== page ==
Get to grips with the law on strikes
25 Jan 2018
Strike action is an area of labour law where the stakes are high. The Labour Relations Amendment Bill, 2017 published on 17 November 2017, attributes a misalignment between the law on strikes and action taken by parties during industrial action, as the root cause for protracted and often violent industrial action. In a specialist new book titled Strikes and the Law, a panel of expert authors addresses these challenges, while also suggesting possible solutions based on their combined expertise.
Strikes and the Law is published by LexisNexis South Africa and written by leaders in the field, including Halton Cheadle, Darcy du Toit, Anton Steenkamp, Bradley Conradie, Tamara Cohen, Mario Jacobs and Emma Fergus.
The book provides up-to-date analysis of case law, legislation and policy developments relating to the law of industrial action in South Africa and examines the reasons why in many cases, the law is disregarded.
In addition to the practical discussions from both a union and an employer perspective on the rights and obligations before going on strike and during a strike, the publication also covers constitutional and international law; socio-economic dimension of strikes; protected and unprotected strikes; essential services; interdicts and other remedies; lock-outs; pickets, socio-economic protest action, gatherings, demonstrations and dismissals.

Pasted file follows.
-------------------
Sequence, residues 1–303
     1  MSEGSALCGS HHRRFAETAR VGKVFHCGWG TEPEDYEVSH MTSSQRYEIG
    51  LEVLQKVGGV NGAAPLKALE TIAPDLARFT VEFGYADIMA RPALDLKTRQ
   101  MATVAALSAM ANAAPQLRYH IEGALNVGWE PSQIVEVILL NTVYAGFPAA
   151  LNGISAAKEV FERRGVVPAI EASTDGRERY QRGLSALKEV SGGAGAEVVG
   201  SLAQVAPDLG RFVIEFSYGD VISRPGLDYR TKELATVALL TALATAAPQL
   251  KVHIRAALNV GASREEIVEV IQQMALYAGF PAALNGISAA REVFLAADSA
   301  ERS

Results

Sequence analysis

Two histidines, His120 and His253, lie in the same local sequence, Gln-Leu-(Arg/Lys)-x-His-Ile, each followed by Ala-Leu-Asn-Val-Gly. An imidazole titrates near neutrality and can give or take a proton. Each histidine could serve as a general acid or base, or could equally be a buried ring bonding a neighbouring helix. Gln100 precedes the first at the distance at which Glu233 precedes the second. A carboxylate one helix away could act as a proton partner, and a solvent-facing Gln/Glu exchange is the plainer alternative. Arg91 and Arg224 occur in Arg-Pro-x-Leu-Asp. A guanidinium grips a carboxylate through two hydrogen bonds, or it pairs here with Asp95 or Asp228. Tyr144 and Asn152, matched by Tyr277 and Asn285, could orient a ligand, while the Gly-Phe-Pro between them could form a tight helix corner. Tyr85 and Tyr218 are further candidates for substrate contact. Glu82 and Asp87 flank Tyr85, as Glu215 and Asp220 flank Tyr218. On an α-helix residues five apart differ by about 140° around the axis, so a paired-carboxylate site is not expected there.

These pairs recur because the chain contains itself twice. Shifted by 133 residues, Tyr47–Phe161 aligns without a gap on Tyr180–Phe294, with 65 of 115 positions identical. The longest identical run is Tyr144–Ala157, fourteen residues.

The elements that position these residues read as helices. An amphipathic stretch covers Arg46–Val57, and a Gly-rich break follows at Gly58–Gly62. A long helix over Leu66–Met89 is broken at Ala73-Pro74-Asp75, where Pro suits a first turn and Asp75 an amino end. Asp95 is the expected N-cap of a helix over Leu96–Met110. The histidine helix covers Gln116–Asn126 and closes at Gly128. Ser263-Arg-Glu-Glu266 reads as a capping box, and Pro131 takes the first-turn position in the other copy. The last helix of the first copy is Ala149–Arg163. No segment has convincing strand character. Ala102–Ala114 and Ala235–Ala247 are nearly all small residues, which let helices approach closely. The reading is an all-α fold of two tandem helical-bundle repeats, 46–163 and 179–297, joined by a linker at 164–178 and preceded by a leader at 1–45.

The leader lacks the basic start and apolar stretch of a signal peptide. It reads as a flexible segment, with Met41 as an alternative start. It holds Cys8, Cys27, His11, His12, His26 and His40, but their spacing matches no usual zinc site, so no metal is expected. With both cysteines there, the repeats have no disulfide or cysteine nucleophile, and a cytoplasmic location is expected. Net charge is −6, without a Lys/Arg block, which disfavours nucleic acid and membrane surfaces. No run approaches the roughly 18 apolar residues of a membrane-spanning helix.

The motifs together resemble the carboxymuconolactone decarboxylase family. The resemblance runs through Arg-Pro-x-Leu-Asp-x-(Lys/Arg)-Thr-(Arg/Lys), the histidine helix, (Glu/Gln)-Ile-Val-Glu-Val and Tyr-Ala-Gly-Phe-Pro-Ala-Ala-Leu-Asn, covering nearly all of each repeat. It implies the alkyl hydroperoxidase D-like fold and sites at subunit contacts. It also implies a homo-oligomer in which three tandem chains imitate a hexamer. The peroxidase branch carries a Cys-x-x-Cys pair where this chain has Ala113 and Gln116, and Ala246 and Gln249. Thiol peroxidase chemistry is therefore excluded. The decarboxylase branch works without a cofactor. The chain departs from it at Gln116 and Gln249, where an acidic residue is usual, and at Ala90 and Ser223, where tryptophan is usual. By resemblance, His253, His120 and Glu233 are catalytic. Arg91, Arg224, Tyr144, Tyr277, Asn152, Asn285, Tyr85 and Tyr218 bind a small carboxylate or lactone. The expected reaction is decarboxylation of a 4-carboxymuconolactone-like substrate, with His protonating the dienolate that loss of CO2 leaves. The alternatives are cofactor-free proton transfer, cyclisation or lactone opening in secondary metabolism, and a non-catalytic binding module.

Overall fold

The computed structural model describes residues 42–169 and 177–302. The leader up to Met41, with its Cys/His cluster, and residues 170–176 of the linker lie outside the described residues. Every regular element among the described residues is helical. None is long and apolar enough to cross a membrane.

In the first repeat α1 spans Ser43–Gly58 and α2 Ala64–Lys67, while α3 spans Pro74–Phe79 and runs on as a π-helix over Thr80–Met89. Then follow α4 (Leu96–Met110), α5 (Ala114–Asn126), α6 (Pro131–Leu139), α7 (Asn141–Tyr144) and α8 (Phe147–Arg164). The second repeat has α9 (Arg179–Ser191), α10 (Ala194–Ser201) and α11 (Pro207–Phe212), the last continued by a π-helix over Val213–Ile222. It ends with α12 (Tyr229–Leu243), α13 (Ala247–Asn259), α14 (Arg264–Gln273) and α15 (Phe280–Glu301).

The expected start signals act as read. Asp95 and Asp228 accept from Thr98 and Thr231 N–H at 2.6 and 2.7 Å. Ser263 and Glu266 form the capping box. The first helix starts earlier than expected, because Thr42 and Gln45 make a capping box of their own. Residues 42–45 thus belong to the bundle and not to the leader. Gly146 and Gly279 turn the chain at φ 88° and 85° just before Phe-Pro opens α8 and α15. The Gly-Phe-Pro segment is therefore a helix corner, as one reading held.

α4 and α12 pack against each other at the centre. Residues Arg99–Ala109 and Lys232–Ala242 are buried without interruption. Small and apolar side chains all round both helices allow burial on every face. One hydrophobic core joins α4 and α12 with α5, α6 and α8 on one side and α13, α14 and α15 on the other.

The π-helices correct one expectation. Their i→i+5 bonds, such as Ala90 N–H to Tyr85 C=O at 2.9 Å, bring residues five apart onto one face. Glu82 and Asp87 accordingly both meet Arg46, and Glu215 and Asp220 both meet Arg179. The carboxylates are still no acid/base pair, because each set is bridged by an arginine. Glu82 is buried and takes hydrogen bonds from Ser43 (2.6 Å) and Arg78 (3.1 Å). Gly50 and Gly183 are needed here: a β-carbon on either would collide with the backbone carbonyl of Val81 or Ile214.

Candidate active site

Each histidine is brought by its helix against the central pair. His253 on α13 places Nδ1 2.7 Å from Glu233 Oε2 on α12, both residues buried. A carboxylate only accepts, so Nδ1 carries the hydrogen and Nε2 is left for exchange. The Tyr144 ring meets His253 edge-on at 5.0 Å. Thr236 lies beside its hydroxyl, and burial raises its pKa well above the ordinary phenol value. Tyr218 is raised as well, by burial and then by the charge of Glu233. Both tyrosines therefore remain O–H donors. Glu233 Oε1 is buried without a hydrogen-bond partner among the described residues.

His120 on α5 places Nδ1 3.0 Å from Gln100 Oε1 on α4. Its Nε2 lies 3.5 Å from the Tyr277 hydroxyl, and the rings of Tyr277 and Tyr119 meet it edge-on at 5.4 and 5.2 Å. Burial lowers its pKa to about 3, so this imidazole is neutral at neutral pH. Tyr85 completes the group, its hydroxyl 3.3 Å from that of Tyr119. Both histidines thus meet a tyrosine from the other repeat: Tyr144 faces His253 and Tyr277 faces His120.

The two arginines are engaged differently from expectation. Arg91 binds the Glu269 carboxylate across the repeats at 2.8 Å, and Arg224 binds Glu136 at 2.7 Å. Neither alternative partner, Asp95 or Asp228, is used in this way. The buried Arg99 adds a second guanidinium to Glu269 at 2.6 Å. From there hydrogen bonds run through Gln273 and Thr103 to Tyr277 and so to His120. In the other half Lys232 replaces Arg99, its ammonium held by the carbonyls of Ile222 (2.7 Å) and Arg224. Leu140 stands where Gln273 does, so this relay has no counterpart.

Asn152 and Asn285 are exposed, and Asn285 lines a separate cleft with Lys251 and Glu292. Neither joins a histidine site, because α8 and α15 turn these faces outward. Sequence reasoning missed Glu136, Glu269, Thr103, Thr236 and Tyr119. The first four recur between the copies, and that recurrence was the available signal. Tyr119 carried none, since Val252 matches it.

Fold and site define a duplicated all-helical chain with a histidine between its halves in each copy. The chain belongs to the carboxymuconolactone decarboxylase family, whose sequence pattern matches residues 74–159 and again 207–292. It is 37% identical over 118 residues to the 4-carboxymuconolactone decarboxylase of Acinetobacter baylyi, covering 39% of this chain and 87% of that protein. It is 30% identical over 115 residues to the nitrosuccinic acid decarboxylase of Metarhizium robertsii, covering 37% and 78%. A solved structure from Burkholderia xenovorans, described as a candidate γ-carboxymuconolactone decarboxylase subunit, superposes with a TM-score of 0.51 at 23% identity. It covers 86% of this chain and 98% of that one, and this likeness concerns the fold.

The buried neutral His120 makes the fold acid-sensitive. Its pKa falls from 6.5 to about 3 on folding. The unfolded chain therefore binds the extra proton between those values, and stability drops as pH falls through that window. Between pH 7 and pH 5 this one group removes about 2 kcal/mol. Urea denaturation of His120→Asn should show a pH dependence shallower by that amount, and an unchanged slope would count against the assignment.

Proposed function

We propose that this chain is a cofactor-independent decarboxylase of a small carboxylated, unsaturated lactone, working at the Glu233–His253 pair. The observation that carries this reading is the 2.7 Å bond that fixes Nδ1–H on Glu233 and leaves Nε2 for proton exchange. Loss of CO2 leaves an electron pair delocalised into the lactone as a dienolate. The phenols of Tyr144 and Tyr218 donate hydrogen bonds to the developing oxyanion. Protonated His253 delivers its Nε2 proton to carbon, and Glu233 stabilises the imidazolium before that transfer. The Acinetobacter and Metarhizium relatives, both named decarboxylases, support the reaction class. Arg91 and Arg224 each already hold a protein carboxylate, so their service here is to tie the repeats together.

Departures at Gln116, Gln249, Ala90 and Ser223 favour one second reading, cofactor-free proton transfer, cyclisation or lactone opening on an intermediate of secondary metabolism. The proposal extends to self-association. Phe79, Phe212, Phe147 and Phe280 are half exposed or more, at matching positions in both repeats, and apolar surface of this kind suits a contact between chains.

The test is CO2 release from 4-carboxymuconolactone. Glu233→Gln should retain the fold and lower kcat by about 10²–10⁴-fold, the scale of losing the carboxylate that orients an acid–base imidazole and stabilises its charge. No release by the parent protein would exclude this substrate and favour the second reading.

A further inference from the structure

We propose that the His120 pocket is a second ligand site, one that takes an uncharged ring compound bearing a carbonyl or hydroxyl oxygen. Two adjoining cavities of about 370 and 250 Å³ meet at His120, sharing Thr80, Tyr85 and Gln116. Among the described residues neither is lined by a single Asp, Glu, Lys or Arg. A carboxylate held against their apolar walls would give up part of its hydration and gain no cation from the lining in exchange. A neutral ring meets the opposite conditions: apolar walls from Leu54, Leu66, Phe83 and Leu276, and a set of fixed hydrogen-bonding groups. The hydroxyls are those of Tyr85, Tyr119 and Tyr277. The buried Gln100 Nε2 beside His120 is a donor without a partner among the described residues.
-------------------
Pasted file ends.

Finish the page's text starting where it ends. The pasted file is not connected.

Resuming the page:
Those involved with collective bargaining and industrial disputes will benefit from the experience of some of the leading labour lawyers, trade unionists and a Labour Court Judge.
The publication is therefore a critical read for labour law practitioners, HR/IR managers, CCMA commissioners, trade unions and academics.
Strikes and the Law is available in Print and eBook formats. It retails for R400.00 including VAT and excluding delivery and is available for purchase from the LexisNexis online bookstore: https://store.lexisnexis.co.za/categories/law/labour-law-131/strikes-and-the-law-skuZASKU9780409078174/details(This article is provided for informational purposes only and not for the purpose of providing legal advice. For more information on the topic, please contact the author/s or the relevant provider.)